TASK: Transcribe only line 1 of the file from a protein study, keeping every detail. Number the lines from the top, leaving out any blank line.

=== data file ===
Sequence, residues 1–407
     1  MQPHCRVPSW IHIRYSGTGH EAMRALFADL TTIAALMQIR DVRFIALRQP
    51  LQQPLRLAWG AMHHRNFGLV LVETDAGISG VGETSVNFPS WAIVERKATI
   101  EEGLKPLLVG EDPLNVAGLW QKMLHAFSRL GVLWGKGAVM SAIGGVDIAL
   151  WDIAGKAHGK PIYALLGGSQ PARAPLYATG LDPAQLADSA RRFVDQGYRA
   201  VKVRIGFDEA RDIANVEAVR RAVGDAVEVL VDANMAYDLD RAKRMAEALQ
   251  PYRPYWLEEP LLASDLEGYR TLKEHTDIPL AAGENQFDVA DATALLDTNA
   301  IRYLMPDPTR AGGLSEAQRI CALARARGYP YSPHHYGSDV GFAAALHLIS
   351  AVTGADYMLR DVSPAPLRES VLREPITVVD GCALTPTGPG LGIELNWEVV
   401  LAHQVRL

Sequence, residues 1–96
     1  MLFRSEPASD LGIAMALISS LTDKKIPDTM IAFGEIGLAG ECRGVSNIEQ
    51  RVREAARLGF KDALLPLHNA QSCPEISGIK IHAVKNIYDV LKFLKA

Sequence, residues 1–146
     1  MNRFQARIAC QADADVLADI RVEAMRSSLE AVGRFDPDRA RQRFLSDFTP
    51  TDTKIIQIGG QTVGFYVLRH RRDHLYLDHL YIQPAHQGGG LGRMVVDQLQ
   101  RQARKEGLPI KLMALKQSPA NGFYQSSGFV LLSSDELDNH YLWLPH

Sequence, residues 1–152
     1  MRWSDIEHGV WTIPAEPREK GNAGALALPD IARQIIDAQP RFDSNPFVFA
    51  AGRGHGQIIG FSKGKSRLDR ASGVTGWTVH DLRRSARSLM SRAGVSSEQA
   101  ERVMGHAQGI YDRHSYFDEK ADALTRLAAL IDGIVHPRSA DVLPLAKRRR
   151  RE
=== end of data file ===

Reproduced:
Sequence, residues 1–407